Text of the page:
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  1. #1
    gravity speed freek
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    pain in the neck...

    im just wondering, how come recumbent bikes dont have headrests? i build/ride wooden streetluge and classic luge. we lie flat on our backs, and have to hold or heads up. holding my head up on the classic luge (no head rest allowed) after about 1 mile my neck is killing me, especially with the weight of a full faced motorcyle helmet on my head. i know bicycle helmets are light, but dont your necks get tired? just wondering, fast eddie outty

  2. #2
    Recumbent Ninja
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    most of them have headrests available, for those models that have any real incline in the seat angle. My street luge (optima baron) reclines back to somewhere around 22-23* I think, and I have no problems holding my head up. When I ride more extremely reclined lowracers, a headrest definately helps.

  3. #3
    Dr.Deltron
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    I have a couple of friends who have the Optima Baron and they have installed headrests. I am now in the process of fabricating one for my Challenge Hurricane. 'Cause without it, it IS a pain in the neck!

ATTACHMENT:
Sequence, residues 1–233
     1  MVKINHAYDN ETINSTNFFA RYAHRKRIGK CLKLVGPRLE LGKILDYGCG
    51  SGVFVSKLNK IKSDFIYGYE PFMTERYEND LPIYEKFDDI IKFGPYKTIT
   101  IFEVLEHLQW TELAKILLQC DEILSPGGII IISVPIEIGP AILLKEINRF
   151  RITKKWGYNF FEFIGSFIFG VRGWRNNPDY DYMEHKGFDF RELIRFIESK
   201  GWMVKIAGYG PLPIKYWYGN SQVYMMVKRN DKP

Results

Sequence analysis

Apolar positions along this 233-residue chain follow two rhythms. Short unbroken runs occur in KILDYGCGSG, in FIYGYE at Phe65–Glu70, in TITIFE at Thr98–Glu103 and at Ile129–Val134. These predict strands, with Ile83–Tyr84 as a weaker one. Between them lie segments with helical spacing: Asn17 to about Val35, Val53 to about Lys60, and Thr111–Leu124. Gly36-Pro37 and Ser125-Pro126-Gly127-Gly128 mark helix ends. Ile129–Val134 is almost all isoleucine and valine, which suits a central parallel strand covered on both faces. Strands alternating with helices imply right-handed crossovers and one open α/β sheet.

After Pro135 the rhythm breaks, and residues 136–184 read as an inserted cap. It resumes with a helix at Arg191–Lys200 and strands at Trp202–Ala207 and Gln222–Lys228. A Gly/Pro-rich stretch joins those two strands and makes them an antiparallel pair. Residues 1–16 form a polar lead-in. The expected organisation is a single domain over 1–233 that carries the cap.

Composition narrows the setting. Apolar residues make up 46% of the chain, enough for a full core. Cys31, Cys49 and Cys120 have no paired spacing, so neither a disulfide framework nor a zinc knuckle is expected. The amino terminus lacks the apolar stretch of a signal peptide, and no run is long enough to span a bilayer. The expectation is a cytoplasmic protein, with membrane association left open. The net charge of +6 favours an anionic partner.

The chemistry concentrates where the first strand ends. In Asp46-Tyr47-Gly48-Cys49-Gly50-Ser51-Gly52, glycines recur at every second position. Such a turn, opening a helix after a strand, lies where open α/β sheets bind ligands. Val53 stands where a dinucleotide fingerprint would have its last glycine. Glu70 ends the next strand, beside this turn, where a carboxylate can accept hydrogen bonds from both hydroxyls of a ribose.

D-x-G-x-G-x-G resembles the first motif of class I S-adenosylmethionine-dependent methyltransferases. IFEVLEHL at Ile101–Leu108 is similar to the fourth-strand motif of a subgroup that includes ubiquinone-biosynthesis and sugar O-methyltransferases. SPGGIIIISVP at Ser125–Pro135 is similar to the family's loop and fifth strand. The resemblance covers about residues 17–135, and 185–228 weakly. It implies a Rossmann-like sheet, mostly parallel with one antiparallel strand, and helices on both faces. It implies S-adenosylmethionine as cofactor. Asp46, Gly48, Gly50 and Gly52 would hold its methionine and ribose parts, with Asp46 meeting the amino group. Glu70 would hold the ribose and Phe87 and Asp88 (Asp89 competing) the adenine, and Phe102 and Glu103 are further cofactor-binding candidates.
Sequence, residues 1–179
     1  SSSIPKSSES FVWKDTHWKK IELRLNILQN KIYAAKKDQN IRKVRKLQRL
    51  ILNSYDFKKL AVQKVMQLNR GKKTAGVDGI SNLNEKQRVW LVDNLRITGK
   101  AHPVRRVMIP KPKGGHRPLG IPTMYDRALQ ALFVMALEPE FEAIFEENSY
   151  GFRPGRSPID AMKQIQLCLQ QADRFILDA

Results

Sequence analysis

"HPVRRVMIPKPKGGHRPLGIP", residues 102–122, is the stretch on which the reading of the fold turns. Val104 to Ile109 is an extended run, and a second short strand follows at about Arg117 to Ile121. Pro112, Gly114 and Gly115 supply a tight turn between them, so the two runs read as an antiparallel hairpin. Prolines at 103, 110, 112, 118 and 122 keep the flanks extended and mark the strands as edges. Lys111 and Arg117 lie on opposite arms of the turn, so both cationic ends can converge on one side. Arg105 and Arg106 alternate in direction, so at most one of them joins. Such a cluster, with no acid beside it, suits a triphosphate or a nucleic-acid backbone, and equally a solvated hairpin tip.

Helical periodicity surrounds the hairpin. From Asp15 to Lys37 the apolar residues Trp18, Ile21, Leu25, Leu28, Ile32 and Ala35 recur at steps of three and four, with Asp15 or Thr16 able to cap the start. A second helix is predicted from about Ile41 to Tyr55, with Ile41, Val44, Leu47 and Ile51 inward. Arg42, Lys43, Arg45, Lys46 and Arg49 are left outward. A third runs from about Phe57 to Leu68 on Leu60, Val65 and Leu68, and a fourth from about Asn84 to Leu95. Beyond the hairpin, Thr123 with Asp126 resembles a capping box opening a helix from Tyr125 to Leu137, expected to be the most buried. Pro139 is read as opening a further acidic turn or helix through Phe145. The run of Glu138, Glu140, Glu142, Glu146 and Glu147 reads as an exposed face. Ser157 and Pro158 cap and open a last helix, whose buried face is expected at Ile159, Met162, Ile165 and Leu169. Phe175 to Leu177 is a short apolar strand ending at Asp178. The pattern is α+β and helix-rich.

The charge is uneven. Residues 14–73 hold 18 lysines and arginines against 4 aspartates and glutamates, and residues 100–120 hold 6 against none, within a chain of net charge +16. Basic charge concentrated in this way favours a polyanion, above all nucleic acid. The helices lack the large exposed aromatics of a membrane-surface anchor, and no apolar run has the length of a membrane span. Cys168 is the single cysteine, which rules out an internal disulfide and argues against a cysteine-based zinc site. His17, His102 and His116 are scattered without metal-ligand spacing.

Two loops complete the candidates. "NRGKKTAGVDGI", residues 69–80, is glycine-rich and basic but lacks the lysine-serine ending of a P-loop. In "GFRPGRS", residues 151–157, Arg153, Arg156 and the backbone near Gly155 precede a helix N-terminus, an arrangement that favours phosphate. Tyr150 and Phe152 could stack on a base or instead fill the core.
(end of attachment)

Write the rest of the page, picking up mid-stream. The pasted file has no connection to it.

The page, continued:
4. #4
    N_C
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    Mever have had any neck pain while riding my Vision R40 & it is reclined back as far as it will go. Now on my old wedgie I had neck pain after almost every ride. Go figure a recumbent would solve the problem.

  5. #5
    Recumbent Evangelist
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    Most recumbents aren't reclined nearly as much as a street luge, and a headrest isn't even necessary. Most of them sill have one available as an option, though. Recumbents with more extreme seating angles, such as lowracers and some trikes, do have a headrest that comes as standard equipment.
    www.rebel-cycles.com

    The official Canadian dealer of TW-Bents recumbent bicycles!

  6. #6
    Senior Member Tourezrick's Avatar
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    Mar 2006
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    Neck rests

    Just make a neck rest - really not that hard. I've attached several photos of Sun Tad trikes with neckrests made from automotive headrests and plastic or aluminum tube (recommended!). Two sections of aluminum tube with an ID just a little larger than the OD of the rods attached to the automotive headrest. Flatten one end of each aluminum tube and drill a hole just a little larger than the OD of the bolt used to secure the seatback adjusting tubes. Seatback and headrest tubes holes lined up and bolted to the same eyelet that the seatback tube used. Secure headrest rods to upper frame of seat using zip ties. You can make the headrest adjustable if you drill holes in the lower aluminum tube you made and use a short quick release (1"). I didn't use an automotive headrest on my trike, I used two pieces of copper tube and two copper 'els' and another short copper tube as wide as I figured the back of my neck/melon was. Wound foam around as a pad. Works well, but I do not have pictures.

    Tailwinds and long downhills,

    Tourezrick
    '98 TE EX
    '06 Ooglemobile (was Sun Tad)
    Last edited by Tourezrick; 03-12-07 at 02:55 PM.

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